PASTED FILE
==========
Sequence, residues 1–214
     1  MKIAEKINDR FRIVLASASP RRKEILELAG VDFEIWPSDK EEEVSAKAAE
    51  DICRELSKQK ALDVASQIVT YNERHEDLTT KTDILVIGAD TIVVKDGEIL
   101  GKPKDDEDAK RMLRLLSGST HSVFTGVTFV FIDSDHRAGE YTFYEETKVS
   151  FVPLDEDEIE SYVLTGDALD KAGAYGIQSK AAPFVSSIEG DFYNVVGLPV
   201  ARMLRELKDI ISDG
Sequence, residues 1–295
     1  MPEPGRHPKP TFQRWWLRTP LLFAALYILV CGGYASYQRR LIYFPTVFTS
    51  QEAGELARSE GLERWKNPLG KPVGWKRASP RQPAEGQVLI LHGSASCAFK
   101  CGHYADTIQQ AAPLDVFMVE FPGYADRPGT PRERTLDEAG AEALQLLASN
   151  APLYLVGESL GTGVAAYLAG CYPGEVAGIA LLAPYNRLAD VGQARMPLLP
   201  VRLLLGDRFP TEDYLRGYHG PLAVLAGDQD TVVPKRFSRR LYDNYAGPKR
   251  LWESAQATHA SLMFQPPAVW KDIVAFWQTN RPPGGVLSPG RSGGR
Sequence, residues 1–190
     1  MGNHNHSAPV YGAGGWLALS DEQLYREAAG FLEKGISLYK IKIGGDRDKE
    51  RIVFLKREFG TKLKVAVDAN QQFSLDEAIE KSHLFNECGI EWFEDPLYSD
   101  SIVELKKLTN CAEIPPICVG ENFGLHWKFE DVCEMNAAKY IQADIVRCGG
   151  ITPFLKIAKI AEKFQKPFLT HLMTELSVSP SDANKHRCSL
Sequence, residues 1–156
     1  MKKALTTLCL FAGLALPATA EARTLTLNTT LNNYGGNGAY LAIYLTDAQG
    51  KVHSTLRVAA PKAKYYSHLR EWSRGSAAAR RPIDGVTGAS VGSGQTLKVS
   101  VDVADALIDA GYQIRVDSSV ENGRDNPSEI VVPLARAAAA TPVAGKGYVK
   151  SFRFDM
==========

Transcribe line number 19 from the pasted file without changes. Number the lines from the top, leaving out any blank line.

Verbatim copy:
Sequence, residues 1–156